It sounds like a great solution but in reality, the current options are limited and often from the luxury end of the market. Subsequently, they are expensive and inaccessible to regular consumers. Take Kjaer Weis, the New York make-up brand that offers refills for their sleek stainless steel cases (cream blushes cost £41 with a refill for £24) or Le Labo, the cult fragrance brand that will refill your bottle of perfume in store for 20 per cent off (£127 for 50ml). The Conscious Beauty Co and other brands offer refillable pouches for their products which certainly cuts back on packaging – L’Occitane’s refill packs use 69 to 90 per cent less materials. But, of course, the best option is something that can be filled again infinitely without the need for any additional plastic.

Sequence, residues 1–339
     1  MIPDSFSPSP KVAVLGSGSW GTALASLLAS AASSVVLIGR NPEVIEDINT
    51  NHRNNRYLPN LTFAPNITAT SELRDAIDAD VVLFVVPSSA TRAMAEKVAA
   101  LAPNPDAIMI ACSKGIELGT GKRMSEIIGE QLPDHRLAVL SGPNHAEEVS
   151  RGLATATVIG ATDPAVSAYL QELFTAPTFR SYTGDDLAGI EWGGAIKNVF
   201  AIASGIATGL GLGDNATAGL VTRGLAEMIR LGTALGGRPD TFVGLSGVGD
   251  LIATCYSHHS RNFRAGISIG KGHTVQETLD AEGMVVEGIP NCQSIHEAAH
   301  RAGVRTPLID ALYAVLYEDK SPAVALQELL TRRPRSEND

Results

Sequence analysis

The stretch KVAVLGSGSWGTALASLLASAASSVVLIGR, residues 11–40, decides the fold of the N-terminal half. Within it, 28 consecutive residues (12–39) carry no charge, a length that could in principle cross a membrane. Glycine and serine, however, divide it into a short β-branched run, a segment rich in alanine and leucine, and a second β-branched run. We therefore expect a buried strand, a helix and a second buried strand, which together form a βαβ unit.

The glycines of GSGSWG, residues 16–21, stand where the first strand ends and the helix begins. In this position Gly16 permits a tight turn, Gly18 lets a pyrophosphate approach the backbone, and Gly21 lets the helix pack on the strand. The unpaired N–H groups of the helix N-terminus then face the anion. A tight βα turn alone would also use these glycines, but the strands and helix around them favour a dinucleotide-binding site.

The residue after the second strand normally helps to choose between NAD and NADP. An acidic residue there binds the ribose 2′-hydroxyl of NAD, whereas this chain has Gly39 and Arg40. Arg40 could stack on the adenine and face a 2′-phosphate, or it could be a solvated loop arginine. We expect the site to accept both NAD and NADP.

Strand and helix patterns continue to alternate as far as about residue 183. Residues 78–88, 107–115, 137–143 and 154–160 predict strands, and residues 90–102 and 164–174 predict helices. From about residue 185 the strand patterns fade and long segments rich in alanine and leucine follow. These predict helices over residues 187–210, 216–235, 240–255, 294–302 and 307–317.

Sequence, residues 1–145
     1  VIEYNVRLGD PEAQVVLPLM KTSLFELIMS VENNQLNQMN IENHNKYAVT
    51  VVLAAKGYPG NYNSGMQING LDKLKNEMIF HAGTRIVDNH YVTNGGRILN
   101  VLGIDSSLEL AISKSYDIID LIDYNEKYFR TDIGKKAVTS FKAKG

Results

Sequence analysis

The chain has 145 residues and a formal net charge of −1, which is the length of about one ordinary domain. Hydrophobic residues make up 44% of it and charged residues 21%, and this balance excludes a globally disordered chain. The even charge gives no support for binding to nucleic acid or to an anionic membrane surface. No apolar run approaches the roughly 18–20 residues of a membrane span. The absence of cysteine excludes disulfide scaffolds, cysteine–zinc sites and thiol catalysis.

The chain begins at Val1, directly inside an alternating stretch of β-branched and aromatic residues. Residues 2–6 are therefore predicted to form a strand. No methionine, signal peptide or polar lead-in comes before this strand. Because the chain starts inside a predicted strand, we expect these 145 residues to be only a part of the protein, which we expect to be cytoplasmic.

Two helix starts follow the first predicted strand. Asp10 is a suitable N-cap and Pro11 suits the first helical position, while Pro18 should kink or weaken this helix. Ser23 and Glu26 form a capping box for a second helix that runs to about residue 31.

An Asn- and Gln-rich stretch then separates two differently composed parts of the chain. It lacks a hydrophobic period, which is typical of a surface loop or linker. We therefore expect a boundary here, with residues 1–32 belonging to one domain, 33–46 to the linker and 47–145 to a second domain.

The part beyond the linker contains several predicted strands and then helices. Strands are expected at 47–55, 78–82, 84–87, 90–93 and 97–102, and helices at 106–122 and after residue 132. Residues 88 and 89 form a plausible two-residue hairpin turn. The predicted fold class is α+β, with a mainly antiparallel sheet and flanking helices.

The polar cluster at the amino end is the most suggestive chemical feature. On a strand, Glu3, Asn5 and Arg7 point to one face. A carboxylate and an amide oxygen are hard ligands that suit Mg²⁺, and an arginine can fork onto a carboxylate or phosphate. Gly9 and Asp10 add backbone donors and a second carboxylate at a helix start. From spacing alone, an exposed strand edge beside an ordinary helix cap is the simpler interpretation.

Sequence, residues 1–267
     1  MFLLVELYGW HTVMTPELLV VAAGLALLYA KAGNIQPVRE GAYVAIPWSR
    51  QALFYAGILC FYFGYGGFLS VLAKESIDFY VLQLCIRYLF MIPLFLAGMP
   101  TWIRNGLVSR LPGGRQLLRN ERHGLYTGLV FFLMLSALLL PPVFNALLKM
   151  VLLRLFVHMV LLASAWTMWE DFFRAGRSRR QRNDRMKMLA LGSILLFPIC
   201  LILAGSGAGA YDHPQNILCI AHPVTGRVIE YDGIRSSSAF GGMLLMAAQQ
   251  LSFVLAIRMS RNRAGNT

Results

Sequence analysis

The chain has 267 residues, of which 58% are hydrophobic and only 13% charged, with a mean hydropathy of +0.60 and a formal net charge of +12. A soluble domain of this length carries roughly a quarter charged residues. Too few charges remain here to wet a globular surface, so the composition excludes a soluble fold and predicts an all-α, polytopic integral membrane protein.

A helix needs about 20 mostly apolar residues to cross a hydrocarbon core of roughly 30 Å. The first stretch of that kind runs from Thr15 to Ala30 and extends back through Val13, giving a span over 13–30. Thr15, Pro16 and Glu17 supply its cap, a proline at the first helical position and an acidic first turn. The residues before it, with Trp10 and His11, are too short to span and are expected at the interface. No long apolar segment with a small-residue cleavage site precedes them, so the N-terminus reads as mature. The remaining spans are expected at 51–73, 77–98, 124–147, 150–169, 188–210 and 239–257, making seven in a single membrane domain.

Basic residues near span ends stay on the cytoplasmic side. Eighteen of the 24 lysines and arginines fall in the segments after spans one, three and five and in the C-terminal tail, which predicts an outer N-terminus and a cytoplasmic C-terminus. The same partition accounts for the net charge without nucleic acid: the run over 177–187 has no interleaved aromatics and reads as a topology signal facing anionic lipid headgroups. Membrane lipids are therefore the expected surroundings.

“The problem at the moment is with partial refills,” Margot Noel, founder of London-based start-up Refrain Ldn, tells us. Brands that offer a refill pouch, capsule or pod “don’t solve the entire problem,” she points out. These products may reduce some packaging but they don’t provide a long-term solution. For Noel, it’s crucial to create packaging that can be used indefinitely and she has spent the last 18 months working with Imperial College London to develop a glass and stainless steel bottle. “We buy the liquid product in bulk from partner beauty brands (to be revealed) and fill these bottles for you to purchase through our website. When you’re finished, you order another online and the local bike courier swaps your old bottle for a new one,” she explains. While the April launch will only roll out in London, they have plans to expand across the UK later in the year.